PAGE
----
Sunday, September 19, 2010

Review: Space Hulk: Death Angel from Fantasy Flight Games

While we've never played a game of Warhammer Fantasy or 40K, we love the properties, their universes, and tons of the peripheral games that have popped up as a result of Games Workshop's partnership with Fantasy Flight Games. FFG has has an opportunity to put out a large stable of games for Warhammer in both Fantasy and 40K and have worked ardently to expand the already-established games that have been produced by Games Workshop in the past. The most popular spin-off game Games Workshop has ever produced is the fanastic mini game/board game hybrid Space Hulk. Space Hulk has had several editions throughout the years, but as the most previous edition, released just last year, shows with its sky-rocketing secondary market value, it's an expensive, high production value, collector item. Retailing originally at $100.00, you got many high-quality space marine terminator and tyranid genestealer miniatures and a very sturdy modular board. 

When Death Angel (DA) was announced from FFG, it was actually quite exciting. Would DA give us a cheap alternative that we wouldn't have to put up our houses for collatoral on a loan for? I would read on to learn that not only would it be a card game retailing for $25.00 but it was cooperative... and have rules for solo play. Having taken the chance to play it now with five players and on my own, I'm going to make you Keep Reading to see if I think it lives up to its prestigious pedigree!
Death Angel (DA) is purely a card game. It follows the same storyline of a small group of Terminator Space Marines (six to twelve depending on the number of players) trapsing through an abandoned space hulk (basically a ridiculously large and cathedral-like capital ship) to kill genestealers (vicious aliens that inspired by the movie Aliens) and complete a mission. In the original Space Hulk players chose a side between Space Marines and Tyranids and would play out scenario-based missions to see who won. Space Hulk is notorious for how brutal it can be to the space marine player. The marines are always (ALWAYS) out-numbered with limited supplies, on the run from the nearest swarm of genestealers, and can die easily with one measly hit point and a luck shot from even one genestealer getting past their armor. That kind of desperation is actually quite fun to play - and it was a quality I was really looking forward to being reproduced in DA.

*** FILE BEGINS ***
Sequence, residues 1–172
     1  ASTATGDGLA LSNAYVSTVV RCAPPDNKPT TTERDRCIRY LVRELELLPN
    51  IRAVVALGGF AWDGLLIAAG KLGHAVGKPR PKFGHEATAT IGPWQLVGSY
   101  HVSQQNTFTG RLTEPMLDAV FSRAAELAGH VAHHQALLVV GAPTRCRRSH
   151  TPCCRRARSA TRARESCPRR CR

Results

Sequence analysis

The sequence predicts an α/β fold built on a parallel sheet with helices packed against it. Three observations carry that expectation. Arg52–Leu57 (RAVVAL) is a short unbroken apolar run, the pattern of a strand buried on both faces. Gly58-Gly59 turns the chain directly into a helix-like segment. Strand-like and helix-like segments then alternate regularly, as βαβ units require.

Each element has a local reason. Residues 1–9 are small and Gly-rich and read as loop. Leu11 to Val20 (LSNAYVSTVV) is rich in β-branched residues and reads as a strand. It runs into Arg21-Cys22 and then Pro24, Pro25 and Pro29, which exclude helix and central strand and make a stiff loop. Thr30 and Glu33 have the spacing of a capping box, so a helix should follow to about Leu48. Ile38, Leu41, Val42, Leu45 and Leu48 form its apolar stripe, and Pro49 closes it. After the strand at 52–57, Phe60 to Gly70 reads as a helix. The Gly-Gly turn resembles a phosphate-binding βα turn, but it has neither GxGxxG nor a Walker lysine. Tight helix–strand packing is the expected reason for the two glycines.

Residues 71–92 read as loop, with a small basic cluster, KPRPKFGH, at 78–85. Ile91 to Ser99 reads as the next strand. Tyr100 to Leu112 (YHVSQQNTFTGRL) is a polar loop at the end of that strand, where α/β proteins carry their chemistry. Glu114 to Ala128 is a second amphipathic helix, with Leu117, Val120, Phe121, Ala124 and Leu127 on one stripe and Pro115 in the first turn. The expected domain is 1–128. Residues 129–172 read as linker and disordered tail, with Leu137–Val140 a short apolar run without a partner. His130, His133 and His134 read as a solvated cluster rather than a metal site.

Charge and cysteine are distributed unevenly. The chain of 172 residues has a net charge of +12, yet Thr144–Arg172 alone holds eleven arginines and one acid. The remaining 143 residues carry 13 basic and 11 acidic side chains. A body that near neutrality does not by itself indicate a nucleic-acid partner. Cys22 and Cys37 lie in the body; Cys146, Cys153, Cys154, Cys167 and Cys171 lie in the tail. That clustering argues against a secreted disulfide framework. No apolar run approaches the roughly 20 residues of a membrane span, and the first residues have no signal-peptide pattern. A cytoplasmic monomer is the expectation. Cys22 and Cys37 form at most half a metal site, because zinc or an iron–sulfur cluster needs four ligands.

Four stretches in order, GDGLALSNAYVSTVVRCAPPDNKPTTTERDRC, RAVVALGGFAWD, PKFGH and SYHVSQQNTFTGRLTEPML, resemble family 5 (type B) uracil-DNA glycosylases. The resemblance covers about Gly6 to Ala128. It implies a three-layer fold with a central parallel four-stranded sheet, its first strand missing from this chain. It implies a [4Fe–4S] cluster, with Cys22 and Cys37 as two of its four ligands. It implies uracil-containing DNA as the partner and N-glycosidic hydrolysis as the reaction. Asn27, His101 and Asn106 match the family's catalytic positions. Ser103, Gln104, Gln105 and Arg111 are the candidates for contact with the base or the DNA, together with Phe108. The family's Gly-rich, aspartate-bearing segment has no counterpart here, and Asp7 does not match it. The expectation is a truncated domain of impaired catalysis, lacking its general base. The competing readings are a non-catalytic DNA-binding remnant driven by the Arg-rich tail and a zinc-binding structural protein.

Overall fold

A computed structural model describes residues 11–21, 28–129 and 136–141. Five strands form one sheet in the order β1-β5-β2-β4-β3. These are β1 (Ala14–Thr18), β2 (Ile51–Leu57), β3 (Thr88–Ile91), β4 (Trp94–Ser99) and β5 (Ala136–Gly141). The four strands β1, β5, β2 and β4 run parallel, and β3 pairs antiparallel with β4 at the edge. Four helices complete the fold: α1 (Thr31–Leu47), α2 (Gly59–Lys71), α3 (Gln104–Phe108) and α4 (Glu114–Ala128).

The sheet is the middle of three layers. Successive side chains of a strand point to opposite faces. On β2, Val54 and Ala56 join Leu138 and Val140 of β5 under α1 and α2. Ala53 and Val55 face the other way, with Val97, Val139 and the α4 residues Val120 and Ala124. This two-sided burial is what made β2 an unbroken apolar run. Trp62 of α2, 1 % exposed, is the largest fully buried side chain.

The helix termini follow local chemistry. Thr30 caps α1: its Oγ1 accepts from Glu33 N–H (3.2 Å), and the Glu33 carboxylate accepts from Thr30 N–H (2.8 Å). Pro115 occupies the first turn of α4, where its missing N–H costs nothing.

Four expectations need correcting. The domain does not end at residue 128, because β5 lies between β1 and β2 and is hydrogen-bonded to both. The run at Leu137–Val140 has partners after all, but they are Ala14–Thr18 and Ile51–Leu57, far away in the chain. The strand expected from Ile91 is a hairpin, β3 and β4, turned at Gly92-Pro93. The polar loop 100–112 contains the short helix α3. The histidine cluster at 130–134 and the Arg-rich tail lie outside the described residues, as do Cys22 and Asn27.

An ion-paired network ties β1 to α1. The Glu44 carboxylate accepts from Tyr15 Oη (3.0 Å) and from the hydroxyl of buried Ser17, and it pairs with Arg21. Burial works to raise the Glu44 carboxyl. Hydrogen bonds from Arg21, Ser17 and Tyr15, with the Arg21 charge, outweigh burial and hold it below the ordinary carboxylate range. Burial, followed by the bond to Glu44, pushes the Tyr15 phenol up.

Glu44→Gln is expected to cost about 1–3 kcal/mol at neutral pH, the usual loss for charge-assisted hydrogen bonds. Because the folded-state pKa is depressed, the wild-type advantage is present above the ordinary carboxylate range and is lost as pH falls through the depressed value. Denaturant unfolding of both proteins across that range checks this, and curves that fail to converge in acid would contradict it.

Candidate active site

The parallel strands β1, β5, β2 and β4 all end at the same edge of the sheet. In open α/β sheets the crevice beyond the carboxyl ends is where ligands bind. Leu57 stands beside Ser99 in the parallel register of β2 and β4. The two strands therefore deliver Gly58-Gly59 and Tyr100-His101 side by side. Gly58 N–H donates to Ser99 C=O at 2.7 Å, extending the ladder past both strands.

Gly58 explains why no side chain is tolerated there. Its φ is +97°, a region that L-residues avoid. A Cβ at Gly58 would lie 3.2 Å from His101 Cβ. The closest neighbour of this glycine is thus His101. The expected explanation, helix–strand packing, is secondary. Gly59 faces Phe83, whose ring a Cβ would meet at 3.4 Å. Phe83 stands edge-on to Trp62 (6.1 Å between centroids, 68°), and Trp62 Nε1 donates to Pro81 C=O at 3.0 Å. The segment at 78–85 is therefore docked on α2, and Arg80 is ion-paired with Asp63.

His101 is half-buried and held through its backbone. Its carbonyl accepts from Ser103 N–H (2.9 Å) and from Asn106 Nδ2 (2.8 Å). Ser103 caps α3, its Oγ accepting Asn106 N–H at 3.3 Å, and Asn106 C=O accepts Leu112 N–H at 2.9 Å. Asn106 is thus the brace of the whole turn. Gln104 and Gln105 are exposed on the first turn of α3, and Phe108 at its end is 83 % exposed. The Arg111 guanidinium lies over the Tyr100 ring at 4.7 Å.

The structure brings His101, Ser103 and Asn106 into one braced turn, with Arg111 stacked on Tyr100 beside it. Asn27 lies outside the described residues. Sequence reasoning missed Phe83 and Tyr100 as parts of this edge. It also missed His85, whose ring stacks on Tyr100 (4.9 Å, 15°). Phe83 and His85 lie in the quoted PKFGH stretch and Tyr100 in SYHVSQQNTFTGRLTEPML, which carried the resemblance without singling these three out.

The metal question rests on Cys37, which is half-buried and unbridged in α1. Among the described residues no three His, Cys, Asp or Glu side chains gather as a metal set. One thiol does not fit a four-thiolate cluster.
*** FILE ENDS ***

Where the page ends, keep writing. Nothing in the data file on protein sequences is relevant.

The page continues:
There are really two view points to this review - how does it play multi-player (specifically in my experience with five players) and how does it play solo? I'll do my best to address both viewpoints if they differ from limited experience with the game.

The first big question that I had going into the game - is it impossibly hard or a cake walk? Like I said above, the face that Space Hulk can be such a difficult game has always been a plus for us and its fans, so does DA make for an difficulty level that really challenges its players? Here's our first split in viewpoints. When we played with five players, yes, DA is a challenging game. Of course we didn't get all the rules right the first round (in the direction where things were more difficult than they needed to be), but that not withstanding, out of the 10 space marines who entered the space hulk, one made it out alive. Of course the rules are explicit in this - if even one space marine survives the mission, everyone wins.